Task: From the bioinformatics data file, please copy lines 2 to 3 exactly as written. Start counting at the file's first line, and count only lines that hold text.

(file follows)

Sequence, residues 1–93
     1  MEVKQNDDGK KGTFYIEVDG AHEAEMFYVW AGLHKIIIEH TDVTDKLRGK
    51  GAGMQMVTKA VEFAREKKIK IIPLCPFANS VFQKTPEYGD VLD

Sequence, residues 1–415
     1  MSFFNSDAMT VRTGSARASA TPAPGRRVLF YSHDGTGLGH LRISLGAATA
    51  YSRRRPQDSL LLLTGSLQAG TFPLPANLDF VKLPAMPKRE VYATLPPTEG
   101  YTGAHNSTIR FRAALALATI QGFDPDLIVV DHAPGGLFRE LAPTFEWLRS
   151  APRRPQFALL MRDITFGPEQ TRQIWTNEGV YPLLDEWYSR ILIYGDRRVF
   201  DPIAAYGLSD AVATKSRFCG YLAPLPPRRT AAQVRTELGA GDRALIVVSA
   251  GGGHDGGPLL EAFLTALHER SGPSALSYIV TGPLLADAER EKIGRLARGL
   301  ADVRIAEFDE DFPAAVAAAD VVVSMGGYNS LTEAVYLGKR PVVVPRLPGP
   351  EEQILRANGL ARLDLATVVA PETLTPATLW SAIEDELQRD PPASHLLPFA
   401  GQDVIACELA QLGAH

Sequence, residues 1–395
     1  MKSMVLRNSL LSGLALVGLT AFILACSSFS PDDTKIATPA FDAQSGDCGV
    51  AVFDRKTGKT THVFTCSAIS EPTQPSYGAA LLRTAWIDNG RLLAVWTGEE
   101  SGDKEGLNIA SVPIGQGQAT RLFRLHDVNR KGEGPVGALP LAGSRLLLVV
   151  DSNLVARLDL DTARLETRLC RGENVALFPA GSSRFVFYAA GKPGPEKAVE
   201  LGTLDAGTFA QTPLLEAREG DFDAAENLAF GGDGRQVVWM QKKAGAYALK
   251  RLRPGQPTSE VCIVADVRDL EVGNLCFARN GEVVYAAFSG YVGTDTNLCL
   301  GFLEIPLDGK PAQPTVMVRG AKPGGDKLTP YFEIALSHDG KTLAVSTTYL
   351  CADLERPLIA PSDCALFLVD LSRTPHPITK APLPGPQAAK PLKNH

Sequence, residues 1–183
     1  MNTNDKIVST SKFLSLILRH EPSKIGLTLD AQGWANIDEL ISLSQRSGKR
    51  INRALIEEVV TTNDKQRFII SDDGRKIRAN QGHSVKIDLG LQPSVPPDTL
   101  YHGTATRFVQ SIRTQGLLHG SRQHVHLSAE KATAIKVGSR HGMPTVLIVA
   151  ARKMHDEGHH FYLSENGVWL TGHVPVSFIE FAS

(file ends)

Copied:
     1  MEVKQNDDGK KGTFYIEVDG AHEAEMFYVW AGLHKIIIEH TDVTDKLRGK
    51  GAGMQMVTKA VEFAREKKIK IIPLCPFANS VFQKTPEYGD VLD